Foundry Group leads $35 million investment in Israeli 3D printing startup Formlabs


Israeli 3D printing startup Formlabs announced on Thursday that it has nailed down a $35 million Series B funding round led by the Foundry Group. Other investors included Pitango, Pascal Cagni, DFJ Growth and CAD titan Autodesk, which promised ‘strategic collaboration’ with Formlabs as a part of their investment.

Formlabs‘ efforts over the years in introducing new materials and capabilities have defined the category of professional desktop 3D printing, resulting in significant growth for the company along the way,” said Max Lobovsky, Co-founder and CEO of Formlabs. “With the new investment, we’re excited to develop more powerful tools to enable anyone working with 3D content to create remarkable things. Formlabs will continue to grow the stereolithography business and bring new tools to the world to advance our goal of making digital fabrication more powerful and accessible.”

The company claims to have the best-selling line of stereolithographic (SLA) printers worldwide. There are different techniques of 3D printing. Fused Deposition Modeling (FDM) molds material, which is often plastic and heated until it is soft enough to shape, in deposited layers. SLA uses a different kind of material that is hardened not by temperature, but by light or UV light (see more on FDM vs. SLA here). The special material for SLA printing, called a photopolymer, is usually unique to the company producing the machines. The company’s flagship Form 2 indeed comes with its own materials and software.

But because of that precise match between “ink” and printer, resolution tends to be higher on SLA-produced objects than with FDM. It’s a precision that has far reaching applications and attracts people willing to spend more to produce something of perceived higher quality. While SLA has a reputation for being quicker than FDM, there are other techniques that you could say are clipping its heels. CLIP — continuous liquid interface production — might be up to 100 times faster. In the meantime, SLA has the floor. The SLA 3D printing market could be worth $8.41 billion worldwide by 2020 according to Markets and Markets.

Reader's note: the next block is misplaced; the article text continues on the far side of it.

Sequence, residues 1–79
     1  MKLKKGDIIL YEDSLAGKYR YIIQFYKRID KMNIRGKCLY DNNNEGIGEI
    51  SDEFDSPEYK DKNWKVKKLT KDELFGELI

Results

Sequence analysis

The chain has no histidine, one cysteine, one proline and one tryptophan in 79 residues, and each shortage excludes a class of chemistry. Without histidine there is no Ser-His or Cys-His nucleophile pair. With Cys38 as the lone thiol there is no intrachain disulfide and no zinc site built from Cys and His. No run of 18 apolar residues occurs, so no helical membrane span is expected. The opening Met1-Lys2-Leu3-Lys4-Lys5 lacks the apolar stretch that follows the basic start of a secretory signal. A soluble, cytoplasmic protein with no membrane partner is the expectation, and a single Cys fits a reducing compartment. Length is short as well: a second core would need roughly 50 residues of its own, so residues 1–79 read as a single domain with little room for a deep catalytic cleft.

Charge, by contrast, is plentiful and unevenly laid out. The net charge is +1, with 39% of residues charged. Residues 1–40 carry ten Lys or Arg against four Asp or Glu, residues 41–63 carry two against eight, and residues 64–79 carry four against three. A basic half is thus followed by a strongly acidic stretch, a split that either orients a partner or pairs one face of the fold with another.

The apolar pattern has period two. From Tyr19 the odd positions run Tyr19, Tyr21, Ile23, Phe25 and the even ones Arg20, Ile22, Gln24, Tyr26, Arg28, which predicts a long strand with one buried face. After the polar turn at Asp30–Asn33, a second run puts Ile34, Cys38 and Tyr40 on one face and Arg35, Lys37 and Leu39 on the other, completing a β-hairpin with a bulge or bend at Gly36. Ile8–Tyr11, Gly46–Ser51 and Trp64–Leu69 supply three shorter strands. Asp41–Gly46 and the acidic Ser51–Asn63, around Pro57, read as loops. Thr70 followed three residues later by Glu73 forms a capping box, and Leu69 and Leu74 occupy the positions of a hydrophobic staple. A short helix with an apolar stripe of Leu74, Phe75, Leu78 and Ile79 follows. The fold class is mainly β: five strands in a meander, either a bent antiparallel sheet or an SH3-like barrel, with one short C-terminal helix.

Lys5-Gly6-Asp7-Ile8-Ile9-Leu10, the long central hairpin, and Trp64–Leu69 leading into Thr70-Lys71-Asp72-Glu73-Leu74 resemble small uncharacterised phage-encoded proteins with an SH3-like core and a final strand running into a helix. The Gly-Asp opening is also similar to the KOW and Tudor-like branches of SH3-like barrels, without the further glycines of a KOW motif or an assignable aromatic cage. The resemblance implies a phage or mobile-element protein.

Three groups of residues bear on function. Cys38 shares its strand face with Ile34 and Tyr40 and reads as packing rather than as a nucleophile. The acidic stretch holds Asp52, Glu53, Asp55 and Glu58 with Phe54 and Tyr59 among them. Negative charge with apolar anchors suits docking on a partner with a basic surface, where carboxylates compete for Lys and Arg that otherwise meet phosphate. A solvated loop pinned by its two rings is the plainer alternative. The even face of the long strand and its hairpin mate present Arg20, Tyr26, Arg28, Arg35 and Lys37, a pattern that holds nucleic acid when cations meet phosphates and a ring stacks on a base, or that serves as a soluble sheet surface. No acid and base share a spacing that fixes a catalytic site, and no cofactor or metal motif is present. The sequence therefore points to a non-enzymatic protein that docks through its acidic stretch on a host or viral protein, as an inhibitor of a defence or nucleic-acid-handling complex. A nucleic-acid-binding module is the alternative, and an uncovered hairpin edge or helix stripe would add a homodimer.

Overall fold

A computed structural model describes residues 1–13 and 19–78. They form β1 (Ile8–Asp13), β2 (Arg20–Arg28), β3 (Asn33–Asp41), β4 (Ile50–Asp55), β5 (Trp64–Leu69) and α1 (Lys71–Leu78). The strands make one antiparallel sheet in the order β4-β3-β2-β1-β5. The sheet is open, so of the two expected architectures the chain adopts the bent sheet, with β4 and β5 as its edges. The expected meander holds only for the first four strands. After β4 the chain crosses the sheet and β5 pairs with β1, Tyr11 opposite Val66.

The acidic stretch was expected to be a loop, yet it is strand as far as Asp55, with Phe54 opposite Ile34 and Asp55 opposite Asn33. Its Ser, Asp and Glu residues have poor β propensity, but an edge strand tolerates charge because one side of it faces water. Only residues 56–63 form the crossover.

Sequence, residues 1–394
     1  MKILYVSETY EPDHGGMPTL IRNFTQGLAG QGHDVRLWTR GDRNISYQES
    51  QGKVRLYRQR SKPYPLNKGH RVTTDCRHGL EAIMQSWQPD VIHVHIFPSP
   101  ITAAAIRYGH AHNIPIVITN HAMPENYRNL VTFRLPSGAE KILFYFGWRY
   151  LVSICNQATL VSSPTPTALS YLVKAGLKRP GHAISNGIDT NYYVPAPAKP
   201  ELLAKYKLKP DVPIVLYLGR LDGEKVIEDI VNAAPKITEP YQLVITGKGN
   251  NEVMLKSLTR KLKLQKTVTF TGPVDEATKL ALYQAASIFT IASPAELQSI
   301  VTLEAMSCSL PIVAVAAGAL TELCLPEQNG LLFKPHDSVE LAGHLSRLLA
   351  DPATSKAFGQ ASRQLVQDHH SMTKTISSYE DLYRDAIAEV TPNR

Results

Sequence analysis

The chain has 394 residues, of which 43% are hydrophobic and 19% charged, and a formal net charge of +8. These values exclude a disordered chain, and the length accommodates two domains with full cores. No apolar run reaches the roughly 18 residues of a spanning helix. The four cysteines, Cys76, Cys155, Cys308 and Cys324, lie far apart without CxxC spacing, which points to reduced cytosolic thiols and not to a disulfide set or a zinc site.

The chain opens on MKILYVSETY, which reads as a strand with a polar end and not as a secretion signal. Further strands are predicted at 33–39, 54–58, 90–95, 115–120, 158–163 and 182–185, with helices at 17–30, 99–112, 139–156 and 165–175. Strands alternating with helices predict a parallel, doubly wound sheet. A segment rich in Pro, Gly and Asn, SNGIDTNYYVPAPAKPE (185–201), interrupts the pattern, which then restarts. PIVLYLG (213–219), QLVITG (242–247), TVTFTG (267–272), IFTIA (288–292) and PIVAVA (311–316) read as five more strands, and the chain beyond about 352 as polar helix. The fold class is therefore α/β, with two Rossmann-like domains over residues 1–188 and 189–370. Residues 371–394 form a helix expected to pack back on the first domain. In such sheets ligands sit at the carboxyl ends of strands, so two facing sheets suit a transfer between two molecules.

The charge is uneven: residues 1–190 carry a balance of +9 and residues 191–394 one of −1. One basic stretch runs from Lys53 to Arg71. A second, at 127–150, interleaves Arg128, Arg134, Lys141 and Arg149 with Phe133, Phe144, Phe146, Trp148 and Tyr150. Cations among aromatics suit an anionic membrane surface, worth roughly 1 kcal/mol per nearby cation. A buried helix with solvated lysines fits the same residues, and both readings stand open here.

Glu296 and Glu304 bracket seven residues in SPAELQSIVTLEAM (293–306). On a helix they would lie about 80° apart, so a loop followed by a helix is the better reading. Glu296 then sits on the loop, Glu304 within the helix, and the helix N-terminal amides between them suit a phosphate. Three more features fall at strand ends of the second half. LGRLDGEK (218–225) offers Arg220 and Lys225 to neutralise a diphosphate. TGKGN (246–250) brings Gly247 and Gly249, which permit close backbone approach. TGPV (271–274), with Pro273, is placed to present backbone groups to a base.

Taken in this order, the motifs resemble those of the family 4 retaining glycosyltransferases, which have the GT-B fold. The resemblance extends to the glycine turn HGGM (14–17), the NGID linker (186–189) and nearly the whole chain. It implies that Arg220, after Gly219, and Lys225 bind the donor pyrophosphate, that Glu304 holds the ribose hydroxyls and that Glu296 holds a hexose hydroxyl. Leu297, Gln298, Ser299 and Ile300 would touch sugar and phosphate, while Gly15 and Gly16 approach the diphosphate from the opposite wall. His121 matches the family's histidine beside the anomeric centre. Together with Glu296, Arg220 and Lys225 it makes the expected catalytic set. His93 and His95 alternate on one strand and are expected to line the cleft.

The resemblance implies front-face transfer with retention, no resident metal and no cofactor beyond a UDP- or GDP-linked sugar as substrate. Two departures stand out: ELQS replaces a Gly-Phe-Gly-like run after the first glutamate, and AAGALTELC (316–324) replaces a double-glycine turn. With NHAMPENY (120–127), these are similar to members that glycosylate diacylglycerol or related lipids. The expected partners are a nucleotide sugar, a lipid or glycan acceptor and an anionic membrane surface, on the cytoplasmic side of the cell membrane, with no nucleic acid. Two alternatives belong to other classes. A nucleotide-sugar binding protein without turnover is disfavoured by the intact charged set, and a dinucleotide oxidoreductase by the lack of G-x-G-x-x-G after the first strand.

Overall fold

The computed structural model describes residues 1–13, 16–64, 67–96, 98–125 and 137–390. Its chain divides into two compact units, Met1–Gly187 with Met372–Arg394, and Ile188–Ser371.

The company’s flagship printer Form 2 has specs that allow for production of objects as large as 145mm x 145mm x 175mm and produces materials at a thickness between 25 and 100 microns. The Form 2 runs for $3,499 per unit. Competing machines include the DWSLab Xfab (€5,000), Autodesk’s own Ember ($5,995) and the XYZ Printing Nobel 1.0 ($1,499) among several others.

The round comes on the heels of Formlabs’ acquisition of online 3D print community Pinshape and opening of a new office in Japan. All in all, the company has raised $55 million in capital. Natan Linder, Maxim Lobovsky, and David Cranor founded the startup in 2011, which is headquartered in Somerville, MA.

Techstars and Foundry Co-founder Brad Feld will also join Formlabs’ board. “While the excitement and hype around consumer 3D printing has waned, the professional 3D printing category has had unabated demand,” Feld said in a press release.


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